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Unformatted text preview: reflect on the meagre additions to our repertoire of domestic species in recent millennia, despite monumental efforts. Of the world’s 14 valuable big domestic mammals, the sole addition within the last millennium has been the reindeer, one of the least valuable of the 14. (In contrast, the five most valuable — the sheep, goat, cow, pig and horse — had all been domesticated repeatedly by 4000 BC.) Long-ongoing efforts by modern livestock breeders to domesticate other large wild mammals have resulted either in virtual failure (for example, eland, elk, moose, musk ox and zebra), or else in ranched animals (deer and American bison) that still cannot be herded and that remain of trivial economic value compared to the five most valuable mammals. Instead, all of the mammalian species that have recently become well established as domesticates (for example, arctic fox, chinchilla, hamster, laboratory rat and rabbit) are small mammals dwarfed in usefulness as well as in size by cows and sheep. Similarly, whereas several wild plants were first domesticated only in modern times (for example, blueberries, macadamia nuts, pecans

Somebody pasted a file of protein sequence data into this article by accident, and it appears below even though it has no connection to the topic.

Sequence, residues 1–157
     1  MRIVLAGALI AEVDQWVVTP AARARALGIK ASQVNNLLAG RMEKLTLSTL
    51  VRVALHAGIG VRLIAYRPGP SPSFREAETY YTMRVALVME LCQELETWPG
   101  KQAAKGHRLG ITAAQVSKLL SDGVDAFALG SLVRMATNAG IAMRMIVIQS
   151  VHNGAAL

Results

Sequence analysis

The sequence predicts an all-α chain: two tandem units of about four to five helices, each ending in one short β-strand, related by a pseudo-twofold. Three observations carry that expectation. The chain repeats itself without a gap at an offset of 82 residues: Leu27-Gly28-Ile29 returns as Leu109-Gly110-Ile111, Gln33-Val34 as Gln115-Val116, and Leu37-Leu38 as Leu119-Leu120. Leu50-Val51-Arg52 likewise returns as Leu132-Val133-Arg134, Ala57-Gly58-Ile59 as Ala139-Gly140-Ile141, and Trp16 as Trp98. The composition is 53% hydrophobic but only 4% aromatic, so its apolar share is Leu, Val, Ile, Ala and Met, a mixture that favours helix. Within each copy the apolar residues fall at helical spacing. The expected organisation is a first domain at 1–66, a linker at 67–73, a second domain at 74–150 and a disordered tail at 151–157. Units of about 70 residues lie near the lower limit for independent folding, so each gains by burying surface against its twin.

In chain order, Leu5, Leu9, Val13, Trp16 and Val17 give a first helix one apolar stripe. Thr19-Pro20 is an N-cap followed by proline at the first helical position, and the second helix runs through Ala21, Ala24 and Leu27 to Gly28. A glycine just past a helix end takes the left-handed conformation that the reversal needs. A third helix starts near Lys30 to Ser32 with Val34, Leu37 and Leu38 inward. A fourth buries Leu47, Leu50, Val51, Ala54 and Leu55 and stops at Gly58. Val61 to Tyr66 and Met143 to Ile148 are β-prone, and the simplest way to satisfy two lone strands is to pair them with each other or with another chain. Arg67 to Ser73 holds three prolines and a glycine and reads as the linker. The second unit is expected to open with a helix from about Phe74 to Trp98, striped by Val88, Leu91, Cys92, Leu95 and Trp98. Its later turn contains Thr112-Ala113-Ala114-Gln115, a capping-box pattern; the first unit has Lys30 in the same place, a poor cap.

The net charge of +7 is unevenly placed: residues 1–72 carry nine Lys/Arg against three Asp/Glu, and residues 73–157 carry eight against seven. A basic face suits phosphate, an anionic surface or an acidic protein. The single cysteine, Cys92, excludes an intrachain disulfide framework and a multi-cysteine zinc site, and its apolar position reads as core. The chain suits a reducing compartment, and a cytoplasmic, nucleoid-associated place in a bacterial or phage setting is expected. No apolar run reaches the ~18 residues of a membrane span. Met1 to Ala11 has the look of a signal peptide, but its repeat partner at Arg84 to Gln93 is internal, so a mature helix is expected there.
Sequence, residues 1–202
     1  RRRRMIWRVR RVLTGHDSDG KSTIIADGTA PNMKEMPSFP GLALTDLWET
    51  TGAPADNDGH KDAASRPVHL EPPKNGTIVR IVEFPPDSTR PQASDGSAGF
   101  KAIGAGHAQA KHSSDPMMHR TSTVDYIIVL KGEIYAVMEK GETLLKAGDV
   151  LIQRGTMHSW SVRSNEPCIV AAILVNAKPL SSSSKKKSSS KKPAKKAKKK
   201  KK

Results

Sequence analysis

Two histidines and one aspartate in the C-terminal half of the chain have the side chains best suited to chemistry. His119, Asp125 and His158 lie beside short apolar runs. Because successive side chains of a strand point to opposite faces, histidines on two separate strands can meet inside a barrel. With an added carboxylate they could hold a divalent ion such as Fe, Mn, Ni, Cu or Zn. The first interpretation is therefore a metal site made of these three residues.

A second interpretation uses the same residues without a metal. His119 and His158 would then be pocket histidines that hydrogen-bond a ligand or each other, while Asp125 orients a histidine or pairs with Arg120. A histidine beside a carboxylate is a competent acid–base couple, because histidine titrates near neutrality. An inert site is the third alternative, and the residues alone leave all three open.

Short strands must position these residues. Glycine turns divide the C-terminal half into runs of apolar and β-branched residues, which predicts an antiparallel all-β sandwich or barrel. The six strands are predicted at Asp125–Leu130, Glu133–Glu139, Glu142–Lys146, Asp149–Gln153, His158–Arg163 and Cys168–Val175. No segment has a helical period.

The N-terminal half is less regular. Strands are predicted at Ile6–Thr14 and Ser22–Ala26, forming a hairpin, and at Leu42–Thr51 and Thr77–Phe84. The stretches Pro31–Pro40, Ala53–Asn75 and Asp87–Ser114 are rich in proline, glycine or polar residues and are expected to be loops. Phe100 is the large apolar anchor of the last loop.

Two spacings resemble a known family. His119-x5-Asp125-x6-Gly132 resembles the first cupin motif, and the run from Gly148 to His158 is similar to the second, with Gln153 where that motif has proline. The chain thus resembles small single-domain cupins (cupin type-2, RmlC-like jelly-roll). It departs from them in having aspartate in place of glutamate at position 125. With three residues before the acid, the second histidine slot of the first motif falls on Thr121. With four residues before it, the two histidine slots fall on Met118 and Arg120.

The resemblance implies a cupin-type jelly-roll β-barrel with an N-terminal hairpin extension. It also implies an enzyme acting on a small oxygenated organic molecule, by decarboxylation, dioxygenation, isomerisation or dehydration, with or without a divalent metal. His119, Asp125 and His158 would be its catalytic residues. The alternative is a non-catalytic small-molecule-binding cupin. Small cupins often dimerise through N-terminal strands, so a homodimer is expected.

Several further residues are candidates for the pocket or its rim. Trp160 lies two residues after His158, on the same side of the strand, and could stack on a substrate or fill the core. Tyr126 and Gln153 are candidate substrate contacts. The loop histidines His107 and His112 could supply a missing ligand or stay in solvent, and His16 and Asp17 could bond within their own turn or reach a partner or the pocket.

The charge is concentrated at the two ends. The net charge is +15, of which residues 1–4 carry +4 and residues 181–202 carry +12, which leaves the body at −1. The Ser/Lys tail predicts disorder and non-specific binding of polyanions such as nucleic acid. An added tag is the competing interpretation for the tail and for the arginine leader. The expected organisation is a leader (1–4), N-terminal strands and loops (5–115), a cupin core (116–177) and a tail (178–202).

706 Some genotypes that used to serve us well as hunter–gatherers now serve us poorly as...
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This note was uploaded on 12/10/2012 for the course HORT 306 taught by Professor Staff during the Fall '08 term at Purdue.
- Fall '08